• A voltmeter with a high resistance value is constructed with calibration in RPM for the purpose of Speed indication.
  • The e.m.f produced by a DC generator is dependent on the following two factors
    • Field excitation
    • Speed
  • The armature is linked to the shaft whose speed is being monitored.
  • To measure the generated voltage, a moving coil voltmeter is connected across the brushes. In order to reduce the current flowing through the voltmeter, the variable resistance R is included. The voltmeter can be calibrated in terms of speed (rpm), as voltage is proportional to speed.

A.C. Tachometer

  • The word “AC” means alternating current.
  • This apparatus comprises of a stationary winding and a rotating permanent-magnetic field.
  • The generated frequency and voltage output stay proportional to the speed of rotation.
  • The a.c. tachometer generators are used to get around some of the problems with d.c. tachometers.
  • The spinning magnet used in these tachometer generators could be an electromagnet or a permanent magnet. Because the coil is wound in the described manner, there are no commutator-related issues (as in a d.c. tachometer).
  • The stator coil induces an e.m.f as a result of the magnet’s rotation. This electromagnetic field’s frequency and amplitude are inversely correlated with rotational speed.
  • As a result, the induced voltage’s frequency or amplitude can be utilized to calculate the rotational speed.

Applications of Tachometer

  • Tachometer forms an important part of the machine, used in our daily life.
  • The tachometer in vehicles enables the driver to know whether it is exceeding the speed limit or not and provides safety while driving.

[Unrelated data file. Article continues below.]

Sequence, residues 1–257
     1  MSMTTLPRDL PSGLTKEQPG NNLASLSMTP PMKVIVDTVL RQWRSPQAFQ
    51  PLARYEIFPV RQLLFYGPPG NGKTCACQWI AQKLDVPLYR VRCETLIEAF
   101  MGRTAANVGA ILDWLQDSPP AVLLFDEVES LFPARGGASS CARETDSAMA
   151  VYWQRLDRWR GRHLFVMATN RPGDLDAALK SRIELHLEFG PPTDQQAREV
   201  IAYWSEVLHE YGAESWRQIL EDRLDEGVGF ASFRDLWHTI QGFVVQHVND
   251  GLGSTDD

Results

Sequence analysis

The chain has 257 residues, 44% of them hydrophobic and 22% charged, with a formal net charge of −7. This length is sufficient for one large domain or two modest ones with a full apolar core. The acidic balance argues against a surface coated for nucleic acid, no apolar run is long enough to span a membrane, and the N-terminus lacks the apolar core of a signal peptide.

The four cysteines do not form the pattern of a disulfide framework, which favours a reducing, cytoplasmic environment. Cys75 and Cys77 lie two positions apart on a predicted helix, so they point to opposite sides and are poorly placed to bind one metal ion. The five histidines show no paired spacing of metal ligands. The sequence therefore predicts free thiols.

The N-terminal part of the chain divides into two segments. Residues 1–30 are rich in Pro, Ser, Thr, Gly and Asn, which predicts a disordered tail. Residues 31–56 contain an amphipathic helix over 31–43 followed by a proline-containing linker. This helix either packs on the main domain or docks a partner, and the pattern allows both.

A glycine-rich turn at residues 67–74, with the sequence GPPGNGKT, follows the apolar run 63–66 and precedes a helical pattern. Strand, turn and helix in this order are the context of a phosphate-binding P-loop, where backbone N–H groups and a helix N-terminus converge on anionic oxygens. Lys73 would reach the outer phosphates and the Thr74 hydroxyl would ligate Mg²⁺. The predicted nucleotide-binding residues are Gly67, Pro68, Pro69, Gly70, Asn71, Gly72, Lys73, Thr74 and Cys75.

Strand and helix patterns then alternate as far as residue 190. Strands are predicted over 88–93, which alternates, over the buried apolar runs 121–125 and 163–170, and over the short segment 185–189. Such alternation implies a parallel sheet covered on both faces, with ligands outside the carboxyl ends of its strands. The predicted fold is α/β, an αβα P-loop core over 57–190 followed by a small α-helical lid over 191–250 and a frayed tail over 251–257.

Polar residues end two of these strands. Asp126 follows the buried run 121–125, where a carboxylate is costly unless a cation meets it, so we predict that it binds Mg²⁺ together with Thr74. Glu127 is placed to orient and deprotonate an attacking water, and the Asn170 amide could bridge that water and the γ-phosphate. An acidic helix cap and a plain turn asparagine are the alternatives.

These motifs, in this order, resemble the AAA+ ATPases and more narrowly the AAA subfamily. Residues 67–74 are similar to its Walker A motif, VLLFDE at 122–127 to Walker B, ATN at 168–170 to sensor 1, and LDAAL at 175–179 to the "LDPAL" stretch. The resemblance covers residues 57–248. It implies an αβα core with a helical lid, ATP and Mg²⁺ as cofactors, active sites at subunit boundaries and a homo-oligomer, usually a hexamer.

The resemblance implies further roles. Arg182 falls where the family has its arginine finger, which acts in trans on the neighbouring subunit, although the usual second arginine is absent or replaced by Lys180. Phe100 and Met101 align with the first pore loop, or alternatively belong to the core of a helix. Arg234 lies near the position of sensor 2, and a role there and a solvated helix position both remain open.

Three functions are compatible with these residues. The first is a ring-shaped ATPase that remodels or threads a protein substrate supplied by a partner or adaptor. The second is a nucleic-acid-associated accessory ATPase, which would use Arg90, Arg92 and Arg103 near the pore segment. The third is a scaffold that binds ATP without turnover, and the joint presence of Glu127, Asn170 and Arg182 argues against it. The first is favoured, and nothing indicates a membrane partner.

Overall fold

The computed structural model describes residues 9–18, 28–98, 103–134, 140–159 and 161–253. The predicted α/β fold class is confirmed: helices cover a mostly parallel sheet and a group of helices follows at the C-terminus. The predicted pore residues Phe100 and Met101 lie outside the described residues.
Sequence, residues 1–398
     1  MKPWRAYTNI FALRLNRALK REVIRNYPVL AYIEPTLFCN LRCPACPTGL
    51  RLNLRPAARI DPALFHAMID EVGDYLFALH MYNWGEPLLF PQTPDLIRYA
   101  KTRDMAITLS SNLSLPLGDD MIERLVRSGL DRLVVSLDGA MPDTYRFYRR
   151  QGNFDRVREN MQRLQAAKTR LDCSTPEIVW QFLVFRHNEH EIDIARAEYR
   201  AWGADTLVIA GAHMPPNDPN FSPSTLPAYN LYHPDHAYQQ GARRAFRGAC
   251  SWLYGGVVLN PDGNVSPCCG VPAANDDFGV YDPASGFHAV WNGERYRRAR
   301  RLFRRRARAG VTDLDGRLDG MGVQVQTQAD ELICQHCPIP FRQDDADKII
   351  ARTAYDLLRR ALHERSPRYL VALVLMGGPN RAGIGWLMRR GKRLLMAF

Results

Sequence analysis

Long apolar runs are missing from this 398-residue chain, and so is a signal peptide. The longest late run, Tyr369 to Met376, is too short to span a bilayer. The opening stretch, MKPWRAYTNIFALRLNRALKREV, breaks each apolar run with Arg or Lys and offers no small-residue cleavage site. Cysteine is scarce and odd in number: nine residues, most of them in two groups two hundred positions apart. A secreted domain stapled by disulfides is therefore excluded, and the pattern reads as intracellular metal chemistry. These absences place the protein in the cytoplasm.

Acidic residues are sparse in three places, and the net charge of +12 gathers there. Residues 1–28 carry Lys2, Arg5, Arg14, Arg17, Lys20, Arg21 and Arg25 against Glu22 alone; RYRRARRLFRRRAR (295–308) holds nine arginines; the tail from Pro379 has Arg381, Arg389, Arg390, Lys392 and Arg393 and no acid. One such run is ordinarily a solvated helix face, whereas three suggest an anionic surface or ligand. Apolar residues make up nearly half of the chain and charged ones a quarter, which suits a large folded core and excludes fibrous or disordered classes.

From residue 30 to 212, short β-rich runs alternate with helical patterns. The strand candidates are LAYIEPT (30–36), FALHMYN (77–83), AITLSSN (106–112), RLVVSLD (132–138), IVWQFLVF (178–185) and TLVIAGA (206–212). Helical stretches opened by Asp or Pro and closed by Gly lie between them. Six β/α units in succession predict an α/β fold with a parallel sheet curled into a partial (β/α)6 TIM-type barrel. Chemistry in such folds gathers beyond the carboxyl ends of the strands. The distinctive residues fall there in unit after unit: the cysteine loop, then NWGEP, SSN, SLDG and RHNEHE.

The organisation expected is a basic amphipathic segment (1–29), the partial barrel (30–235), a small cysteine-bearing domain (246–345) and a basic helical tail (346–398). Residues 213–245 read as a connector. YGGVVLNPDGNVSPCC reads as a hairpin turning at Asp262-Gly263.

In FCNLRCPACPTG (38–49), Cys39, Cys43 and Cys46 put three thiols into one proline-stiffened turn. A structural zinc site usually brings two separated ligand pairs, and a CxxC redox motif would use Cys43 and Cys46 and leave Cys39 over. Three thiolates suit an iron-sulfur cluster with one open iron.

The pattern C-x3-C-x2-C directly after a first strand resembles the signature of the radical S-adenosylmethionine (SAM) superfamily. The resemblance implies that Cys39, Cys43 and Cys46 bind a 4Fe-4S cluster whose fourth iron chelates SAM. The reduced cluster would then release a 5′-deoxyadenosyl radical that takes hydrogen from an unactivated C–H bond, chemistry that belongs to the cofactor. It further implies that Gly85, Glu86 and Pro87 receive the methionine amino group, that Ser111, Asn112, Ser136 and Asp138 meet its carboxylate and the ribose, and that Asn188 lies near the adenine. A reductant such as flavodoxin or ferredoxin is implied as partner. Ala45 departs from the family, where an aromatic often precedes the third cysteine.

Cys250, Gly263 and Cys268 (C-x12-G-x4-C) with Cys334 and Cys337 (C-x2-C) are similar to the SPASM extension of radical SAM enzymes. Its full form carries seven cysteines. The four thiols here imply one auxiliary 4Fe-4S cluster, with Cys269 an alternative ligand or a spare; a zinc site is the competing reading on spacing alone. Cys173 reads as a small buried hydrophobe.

Tachometer in Automobiles

  • Automobile uses Tachometers to measure the rotational speed of mechanical devices, which is typically expressed in RPMs.
  • They are employed to keep an eye on the RPMs in vehicles because running the engine at excessively high RPM rates can significantly reduce engine life.
  • In some instances, a small generator is fastened to the engine’s drive shaft, and the device’s electric current is used to calculate the engine’s revolutions per minute (RPM).
  • Simply measuring the rate at which the ignition system produces sparks to the engine might also be done using this equipment. The number of revolutions per minute an engine produces is shown on a car’s tachometer.

Tachometer in Airplanes

  • Utilise in Flight tachometer is normally required for each engine in an aeroplane, and additional tachometers are required for propeller-powered aircraft.
  • The RPMs at which an airplane’s engines and propellers typically turn are different.
  • The pilot or crew of the aircraft can detect any issues with specific parts by using separate instruments for each type.
  • An aircraft with multiple piston engines uses a different tachometer for each engine.

Laser Instruments

  • Traditional tachometers demand direct physical contact between the measuring objects and the instruments.
  • A laser may be able to collect measurements at a distance in applications where this is not practicable due to technical or safety concerns.
  • A focused beam of light is pulsed against the revolving component to operate laser devices.
  • One reflective spot will be present on the revolving element, and the sensor gauges how quickly the light beam rotates. returns in reflection.
  • They might be fixed components of the system or portable for sporadic spot measurements.

Medical Applications

Even medicine can benefit from using tachometers. A medical expert can use this equipment to determine the rate of blood flow by inserting a small, turbine-like device called a haematachometer into an artery or vein. This might be employed to identify circulation issues like blocked arteries.

Marine Ships

         Naval Ships Marine fleet, to gauge the rotational speed of the ships’ marine diesel engines. This instrument displays the ship’s rotational direction.

Tachometer vs Speedometer

TachometerSpeedometer
A tachometer measures the rotational speed (rpm) of an engine or other rotating machinery.A speedometer measures the speed of a vehicle in terms of its linear velocity (mph or km/h).
It indicates how fast the engine’s crankshaft is spinning.It indicates how fast the vehicle is moving in relation to the ground.
Tachometers are commonly used in cars, trucks, and boats to monitor the engine’s speed and prevent damage from over-revving.Speedometers are commonly used in cars, trucks, motorcycles, and bicycles to display the vehicle’s speed to the driver.
A tachometer measures the rotational speed of an engine or machine.A speedometer measures the linear velocity of a vehicle